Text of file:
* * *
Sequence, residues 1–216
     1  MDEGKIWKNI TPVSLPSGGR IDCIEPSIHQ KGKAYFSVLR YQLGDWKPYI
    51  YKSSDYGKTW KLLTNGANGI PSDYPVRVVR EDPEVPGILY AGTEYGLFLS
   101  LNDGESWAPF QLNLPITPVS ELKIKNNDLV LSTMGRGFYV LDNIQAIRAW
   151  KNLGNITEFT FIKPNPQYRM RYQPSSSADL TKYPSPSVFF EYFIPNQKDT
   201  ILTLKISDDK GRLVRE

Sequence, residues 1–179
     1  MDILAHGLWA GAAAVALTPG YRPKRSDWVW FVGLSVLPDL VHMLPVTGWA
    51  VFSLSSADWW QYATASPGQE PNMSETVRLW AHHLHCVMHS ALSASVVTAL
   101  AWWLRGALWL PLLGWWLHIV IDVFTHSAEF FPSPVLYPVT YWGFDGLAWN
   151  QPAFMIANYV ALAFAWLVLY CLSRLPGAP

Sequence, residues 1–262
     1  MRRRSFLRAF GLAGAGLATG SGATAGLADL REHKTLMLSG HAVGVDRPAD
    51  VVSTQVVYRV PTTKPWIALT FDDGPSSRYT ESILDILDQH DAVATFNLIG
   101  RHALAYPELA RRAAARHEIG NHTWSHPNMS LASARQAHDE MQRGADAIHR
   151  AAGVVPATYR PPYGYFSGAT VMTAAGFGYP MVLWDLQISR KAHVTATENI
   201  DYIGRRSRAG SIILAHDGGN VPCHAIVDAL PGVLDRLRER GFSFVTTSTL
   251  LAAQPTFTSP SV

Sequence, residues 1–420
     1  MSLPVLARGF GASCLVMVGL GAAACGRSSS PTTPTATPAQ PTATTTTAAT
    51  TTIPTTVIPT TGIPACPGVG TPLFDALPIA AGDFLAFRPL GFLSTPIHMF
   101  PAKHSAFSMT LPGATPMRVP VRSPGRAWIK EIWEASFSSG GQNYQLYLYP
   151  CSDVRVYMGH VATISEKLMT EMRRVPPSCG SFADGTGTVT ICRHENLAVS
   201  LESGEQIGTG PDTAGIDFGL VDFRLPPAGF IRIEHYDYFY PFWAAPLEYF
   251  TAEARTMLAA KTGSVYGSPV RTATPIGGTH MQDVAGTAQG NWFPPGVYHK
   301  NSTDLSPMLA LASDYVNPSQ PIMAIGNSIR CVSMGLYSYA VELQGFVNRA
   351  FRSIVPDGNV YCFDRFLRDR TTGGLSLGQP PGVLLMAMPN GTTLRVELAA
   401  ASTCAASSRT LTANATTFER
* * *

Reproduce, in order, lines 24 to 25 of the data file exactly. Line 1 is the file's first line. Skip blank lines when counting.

   201  LESGEQIGTG PDTAGIDFGL VDFRLPPAGF IRIEHYDYFY PFWAAPLEYF
   251  TAEARTMLAA KTGSVYGSPV RTATPIGGTH MQDVAGTAQG NWFPPGVYHK